In Europe it is often planted alongside streets and in parks, especially in large cities, because it tolerates pollution well. The species is unsuitable for small gardens due to its large size and rapid growth, but the cultivar ‘Frisia’, a selection with bright yellow-green leaves, is occasionally planted as an ornamental tree.
In South Africa it is regarded as a weed because of its habit of freely suckering from roots near the surface and aggravated by cutting of the main stem.
Black locust has nitrogen-fixing bacteria on its root system; for this reason it can grow on poor soils and is an early colonizer of disturbed areas.
In 1900 it was reported that the value of Robinia pseudoacacia was practically destroyed in nearly all parts of the United States beyond the mountain forests which are its home by locust borers which riddle the trunk and branches. Were it not for these insects, it would be one of the most valuable timber trees that could be planted in the northern and middle states. Young trees grow quickly and vigorously for a number of years, but soon become stunted and diseased, and rarely live long enough to attain any commercial value.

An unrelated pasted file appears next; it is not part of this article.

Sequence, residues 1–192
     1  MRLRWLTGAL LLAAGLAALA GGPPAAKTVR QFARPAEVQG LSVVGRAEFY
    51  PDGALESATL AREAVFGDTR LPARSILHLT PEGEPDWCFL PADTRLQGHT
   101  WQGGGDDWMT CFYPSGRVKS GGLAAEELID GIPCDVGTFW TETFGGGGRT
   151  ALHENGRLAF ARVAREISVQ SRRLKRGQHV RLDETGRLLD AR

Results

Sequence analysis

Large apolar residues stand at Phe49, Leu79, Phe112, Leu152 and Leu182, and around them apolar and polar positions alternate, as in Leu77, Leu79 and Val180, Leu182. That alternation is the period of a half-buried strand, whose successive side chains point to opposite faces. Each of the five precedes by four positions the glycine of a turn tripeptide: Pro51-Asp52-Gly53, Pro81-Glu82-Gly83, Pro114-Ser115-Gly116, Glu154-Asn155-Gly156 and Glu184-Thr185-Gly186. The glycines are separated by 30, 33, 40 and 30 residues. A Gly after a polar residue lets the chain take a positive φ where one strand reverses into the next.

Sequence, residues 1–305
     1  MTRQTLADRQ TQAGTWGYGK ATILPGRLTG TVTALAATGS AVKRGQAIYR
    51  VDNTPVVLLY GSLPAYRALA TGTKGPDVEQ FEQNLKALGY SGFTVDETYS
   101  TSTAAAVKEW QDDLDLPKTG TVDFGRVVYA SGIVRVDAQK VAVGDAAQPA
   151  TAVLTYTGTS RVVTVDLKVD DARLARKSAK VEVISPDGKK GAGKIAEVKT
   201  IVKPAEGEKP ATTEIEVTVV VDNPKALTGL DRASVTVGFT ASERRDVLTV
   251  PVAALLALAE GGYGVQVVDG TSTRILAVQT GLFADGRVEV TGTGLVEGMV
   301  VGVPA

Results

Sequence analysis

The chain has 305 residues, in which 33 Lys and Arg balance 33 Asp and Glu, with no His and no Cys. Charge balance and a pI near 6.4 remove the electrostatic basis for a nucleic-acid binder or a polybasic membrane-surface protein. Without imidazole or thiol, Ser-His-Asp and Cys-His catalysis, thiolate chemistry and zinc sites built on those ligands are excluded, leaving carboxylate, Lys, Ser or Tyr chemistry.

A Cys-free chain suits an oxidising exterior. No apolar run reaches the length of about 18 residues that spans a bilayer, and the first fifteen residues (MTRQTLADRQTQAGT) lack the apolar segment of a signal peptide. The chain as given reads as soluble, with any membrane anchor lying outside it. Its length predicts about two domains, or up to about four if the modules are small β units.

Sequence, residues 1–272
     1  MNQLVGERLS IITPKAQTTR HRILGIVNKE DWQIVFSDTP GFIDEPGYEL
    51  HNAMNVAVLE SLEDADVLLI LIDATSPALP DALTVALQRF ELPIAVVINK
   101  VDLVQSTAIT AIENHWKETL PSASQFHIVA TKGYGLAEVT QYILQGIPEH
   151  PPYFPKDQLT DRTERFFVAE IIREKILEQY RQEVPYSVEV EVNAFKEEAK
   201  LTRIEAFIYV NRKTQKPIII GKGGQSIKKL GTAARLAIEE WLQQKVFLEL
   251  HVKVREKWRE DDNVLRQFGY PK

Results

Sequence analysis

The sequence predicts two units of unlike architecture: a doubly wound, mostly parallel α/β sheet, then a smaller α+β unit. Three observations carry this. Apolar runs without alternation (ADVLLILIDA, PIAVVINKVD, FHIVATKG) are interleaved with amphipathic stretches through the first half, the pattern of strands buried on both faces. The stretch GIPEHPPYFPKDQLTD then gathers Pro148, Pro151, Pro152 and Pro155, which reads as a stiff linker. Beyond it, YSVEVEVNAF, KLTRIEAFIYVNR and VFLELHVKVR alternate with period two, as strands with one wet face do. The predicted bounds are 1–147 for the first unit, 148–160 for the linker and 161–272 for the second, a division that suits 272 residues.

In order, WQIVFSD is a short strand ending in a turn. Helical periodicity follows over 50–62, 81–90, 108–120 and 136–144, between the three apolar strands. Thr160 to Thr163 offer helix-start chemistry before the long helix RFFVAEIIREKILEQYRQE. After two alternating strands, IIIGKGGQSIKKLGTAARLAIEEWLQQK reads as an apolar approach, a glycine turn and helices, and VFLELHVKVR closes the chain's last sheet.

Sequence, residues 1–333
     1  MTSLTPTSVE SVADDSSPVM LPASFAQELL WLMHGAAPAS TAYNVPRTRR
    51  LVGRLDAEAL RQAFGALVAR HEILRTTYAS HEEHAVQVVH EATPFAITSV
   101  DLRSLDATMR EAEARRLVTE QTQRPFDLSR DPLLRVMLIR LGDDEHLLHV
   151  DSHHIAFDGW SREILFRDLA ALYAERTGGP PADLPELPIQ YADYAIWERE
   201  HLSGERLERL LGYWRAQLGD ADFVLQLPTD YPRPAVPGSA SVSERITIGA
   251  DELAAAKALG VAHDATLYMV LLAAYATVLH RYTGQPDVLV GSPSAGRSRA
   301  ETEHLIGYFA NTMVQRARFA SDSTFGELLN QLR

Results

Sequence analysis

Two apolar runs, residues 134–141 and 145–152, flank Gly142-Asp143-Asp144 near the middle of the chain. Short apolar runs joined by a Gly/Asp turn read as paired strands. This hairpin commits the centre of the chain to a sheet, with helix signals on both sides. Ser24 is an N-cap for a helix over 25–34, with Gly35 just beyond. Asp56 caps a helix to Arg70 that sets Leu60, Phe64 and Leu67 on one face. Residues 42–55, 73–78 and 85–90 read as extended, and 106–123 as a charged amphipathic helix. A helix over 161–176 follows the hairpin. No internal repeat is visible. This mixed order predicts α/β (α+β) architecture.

Black locust leaves contain flavone glycosides characterised by spectroscopic and chemical methods as the 7-O-β-d-glucuronopyranosyl-(1 → 2)[α-l-rhamnopyranosyl-(1 → 6)]-β-d-glucopyranosides of acacetin (5,7-dihydroxy-4′-methoxyflavone), apigenin (5,7,4′-trihydroxyflavone), diosmetin (5,7,3′-trihydroxy-4′-methoxyflavone) and luteolin (5,7,3′,4′-tetrahydroxyflavone).